I am often asked who the fastest bowler I faced was, and the answer is always the same: Michael Holding. I first played against him in 1976, during the infamous series where our captain, Tony Greig, was quoted as saying, "We will make the West Indies grovel." It was also the series when Clive Lloyd changed the way Test cricket was played.
By the time we got to The Oval, we were already two Tests down. I had made my Test debut only a year earlier, batting at No. 7.
In the first three Tests in this series, I had gone in at 4, 5 or 6, but Headingley saw the departure of John Edrich and Brian Close, and the makeshift pair of David Steele and Dennis Amiss opened. But at The Oval, Steele was going down and I, a novice non-opener, was going to partner Amiss.
A pre-Test dinner with some lovely steak and red wine was customary in those days. After the dinner we would sit with the captain to discuss match tactics, most of which had been blown out of the water by the fantastic batting of Viv Richards and Gordon Greenidge, and the bowling of Holding and Andy Roberts. This evening I was seated next to the great Sir Leonard Hutton who was on the selection panel, and since he had faced Ray Lindwall and Keith Miller a lot, I was very keen to seek his advice on how to tackle Holding and Roberts.
During the evening I duly asked him for some help. He thought for some time, cutting a piece of steak and sipping some wine as he did. He kept turning to me periodically, and just when it seemed he was going to say something, he would stop. Fifteen minutes later, he finally spoke. "If I were you," he said, "I would try and get down to the other end!"
The pitch was a batting paradise. Lloyd won the toss, and Richards batted like I had never seen anyone bat before, plundering an imperious 291. West Indies declared at 687 for 8, and Dennis and I survived 12 overs on the second evening. The bounce was true, and I was feeling good about my batting because I had been in good form all season. But little did we know that Whispering Death lay in wait for us.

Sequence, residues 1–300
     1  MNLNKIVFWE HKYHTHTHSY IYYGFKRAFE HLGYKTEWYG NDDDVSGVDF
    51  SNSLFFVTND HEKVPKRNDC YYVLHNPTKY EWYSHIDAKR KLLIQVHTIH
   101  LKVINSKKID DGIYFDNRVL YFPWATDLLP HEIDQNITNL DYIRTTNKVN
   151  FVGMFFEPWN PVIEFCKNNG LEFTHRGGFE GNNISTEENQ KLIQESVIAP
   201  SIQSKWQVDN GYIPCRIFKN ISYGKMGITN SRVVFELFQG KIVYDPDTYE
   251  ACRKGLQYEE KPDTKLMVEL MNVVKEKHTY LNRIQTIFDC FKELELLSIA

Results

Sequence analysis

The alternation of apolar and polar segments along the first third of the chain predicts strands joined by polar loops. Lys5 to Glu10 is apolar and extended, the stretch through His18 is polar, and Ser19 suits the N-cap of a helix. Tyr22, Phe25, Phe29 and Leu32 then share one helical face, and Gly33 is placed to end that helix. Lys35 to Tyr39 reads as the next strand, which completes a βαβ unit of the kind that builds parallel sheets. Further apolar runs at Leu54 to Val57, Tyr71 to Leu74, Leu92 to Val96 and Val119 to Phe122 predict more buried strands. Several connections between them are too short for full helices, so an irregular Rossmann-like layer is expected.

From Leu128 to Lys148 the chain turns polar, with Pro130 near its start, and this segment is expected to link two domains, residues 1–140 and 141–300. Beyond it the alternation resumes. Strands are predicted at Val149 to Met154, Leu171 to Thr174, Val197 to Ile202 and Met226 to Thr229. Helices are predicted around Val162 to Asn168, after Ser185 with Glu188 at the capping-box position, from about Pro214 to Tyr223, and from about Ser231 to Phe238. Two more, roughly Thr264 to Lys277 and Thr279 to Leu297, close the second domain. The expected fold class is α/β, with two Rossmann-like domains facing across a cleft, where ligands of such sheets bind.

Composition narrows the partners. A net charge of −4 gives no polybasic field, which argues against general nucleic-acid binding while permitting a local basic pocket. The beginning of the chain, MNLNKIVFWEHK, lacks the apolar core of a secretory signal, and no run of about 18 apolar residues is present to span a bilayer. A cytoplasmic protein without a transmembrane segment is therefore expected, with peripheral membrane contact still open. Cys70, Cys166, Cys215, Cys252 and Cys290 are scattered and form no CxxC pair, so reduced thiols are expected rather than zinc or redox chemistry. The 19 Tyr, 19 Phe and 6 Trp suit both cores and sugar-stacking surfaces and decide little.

Holding's feet hardly touched the ground as he ran in. He moved in silkily and his body swayed like a cobra's: it would have been magnificent had I been watching from the outside. But here I was more intent on watching the ball, moving back and across as Colin Cowdrey had taught me.
Holding was bowling with only one fielder in front of wicket at cover-point. He bowled, and I moved back and across. I saw that the ball was pitched up, so I moved forward, feet first, and then into the shot.
Before I knew it, the ball had smashed into my pad. Even though I was wearing state-of-the-art buckskin pads, the pain was so incredible that I thought I had been shot. A small explosion of whitening emanated from my pad and a loud appeal from the bowler and the fielders. Dickie Bird was not known to give too many lbws. But this time he had no choice: the ball would have broken the middle stump.
That opened the floodgates, and though Dennis scored a masterful 203 and helped us avoid the follow-on, we lost by 231 runs. Incredibly Roberts, who opened the bowling with Holding, returned with match figures of 1 for 139 to Holding's 14 for 149. The pitch had nothing in terms of movement, swing or extra bounce for the bowler, but Holding didn't need any assistance: six of his victims were bowled and two leg-before. He just kept coming back and bowling quicker and quicker, and stumps flew all over the place.